The PPRU study involved a cohort of almost 3,000 fifth-formers
from 77 grammar and secondary schools who were followed from 1984
to 1987. McWhirter et al. (1987) reported on the cohort 14-18
months after they had reached school leaving age. At this time
39% were in full-time education, mainly in grammar schools or
other education colleges and a further 10% were engaged in part-time
education. Of the 61% who were economically active, almost two-thirds
were in full-time employment, while 17% were following a YTP course
and an equal proportion were unemployed. Catholics, those with
better educational qualifications and the socially advantaged
were all more likely to remain in full-time education beyond the
school-leaving age. Of those who did chose to leave school, Catholics,
the poorly qualified and the socially disadvantaged were less
likely to have full-time employment.
Mc Whirter (1989) reported on the progress of the cohort to December, 1987, by which time the sample were 18 years old. By this stage Protestants were consistently more likely than Catholics to have full-time employment. In the early years of the study there had been little difference in the unemployment rate of Catholics and Protestants, due to the greater proportions of Catholics who stayed in full-time education or entered YTP course. By age 18, however, Catholics were about twice as likely as Protestants to be unemployed. Echoing the findings of Miller (1978), McWhirter found no religious differences in attitudes to work and suggested that the evidence pointed to the unemployed being unemployed by circumstance rather than choice.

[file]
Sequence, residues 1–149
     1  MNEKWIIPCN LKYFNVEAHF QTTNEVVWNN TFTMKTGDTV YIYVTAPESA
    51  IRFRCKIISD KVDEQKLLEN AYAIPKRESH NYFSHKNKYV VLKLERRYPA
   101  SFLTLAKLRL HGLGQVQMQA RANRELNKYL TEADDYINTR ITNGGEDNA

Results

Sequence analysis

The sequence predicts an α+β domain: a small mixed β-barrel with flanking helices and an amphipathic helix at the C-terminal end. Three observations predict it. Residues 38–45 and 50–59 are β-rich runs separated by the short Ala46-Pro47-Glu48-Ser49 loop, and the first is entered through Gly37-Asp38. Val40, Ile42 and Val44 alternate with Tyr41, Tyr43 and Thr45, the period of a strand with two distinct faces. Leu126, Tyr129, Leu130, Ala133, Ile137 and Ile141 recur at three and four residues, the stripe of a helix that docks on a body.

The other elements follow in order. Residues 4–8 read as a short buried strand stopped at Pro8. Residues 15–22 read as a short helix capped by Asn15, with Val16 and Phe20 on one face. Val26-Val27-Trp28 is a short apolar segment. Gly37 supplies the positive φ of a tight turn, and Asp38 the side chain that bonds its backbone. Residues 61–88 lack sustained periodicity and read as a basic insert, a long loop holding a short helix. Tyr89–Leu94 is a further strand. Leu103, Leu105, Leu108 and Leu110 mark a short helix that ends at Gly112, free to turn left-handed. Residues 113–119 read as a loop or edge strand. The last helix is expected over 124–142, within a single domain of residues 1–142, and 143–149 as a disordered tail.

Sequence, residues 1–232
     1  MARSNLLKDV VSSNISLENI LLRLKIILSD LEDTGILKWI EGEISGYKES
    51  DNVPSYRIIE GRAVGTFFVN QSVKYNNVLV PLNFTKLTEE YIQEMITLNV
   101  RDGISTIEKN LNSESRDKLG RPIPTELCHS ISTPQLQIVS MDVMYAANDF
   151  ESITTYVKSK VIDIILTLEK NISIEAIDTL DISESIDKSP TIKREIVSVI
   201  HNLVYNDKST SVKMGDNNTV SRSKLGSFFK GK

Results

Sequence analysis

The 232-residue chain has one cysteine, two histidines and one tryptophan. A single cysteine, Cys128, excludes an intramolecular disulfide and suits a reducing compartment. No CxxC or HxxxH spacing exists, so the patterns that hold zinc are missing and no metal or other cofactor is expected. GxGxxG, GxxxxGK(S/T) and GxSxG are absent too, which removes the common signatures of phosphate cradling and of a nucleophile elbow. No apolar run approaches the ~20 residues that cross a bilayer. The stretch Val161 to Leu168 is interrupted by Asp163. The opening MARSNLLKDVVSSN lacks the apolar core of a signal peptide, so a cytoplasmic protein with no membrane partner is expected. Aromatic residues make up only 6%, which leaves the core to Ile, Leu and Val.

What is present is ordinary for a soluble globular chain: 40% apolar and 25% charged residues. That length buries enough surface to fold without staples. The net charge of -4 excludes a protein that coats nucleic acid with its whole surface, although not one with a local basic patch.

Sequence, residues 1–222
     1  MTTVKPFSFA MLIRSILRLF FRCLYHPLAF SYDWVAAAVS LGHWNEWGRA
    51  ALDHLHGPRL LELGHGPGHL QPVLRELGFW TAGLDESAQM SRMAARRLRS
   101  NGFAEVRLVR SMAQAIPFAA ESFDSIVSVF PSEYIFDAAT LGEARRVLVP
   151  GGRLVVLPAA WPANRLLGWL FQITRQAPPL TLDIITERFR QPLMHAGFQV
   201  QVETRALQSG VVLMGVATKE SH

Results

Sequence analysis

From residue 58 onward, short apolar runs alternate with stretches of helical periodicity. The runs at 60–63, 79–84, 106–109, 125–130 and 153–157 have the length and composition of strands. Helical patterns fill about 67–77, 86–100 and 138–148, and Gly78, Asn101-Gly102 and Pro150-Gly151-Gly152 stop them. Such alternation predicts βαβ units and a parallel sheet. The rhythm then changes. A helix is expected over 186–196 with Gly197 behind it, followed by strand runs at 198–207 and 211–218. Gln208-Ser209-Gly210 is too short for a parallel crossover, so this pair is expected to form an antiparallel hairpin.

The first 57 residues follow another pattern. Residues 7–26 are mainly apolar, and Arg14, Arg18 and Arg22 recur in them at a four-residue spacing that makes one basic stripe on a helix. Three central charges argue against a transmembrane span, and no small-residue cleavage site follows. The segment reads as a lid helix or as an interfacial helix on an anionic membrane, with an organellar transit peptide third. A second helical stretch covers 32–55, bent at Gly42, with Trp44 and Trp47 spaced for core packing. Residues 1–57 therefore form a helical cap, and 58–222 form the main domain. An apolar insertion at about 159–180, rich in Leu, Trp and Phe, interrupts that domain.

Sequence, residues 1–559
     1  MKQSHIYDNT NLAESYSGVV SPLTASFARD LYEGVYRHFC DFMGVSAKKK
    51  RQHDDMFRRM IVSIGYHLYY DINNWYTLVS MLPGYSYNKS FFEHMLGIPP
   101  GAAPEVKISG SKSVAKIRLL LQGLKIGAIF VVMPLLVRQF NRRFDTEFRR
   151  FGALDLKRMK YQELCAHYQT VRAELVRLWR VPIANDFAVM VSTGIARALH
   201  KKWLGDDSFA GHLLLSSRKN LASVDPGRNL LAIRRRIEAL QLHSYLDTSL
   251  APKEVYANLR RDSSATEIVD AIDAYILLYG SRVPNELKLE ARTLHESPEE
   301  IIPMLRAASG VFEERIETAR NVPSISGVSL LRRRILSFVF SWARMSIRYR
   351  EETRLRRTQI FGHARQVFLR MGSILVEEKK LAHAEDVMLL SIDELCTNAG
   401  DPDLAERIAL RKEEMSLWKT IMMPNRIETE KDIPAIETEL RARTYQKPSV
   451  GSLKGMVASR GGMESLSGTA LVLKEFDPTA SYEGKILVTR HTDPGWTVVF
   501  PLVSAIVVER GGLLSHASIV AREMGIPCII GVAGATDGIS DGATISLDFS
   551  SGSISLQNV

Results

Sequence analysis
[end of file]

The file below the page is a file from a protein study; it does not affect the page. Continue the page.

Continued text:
McWhirter had found that Protestants were more likely than Catholics
to be employed, irrespective of educational qualifications. Indeed,
while fewer Catholics than Protestants had above average educational
qualifications, these Catholics were still less likely to be in
full-time education than Protestants with below average educational
qualifications. For both Protestants and Catholics in employment,
the most frequently used source for obtaining a job was family
contacts: this source was used more frequently by males than females,
and by those with average or below average educational qualifications.
McWhirter reported few differences in the occupational profiles
of Protestants and Catholics in employment, although slightly
more Protestants were in non-manual occupations.
The PPRU cohort study and DENI school leavers data provide valuable
global information on the post-school destinations of young people
in Northern Ireland. In addition, more information will come from
the PPRU study in the near future. These data could usefully be
complemented by more detailed investigation of the processes involved
in the move from school to the employment market: it would be
possible, for example, to more directly examine the link between
curriculum, qualifications and employment; another area worth
investigating would be the careers advice provided by schools
to their pupils, and the links between schools and employers.
At the time of writing a Fair Employment Bill is being discussed
in Westminster: in the light of this it is disturbing to note
in the evidence discussed above the continuing prevalence of informal
networks in the employment market. It would be possible to monitor
any effects of the new legislation on these practices.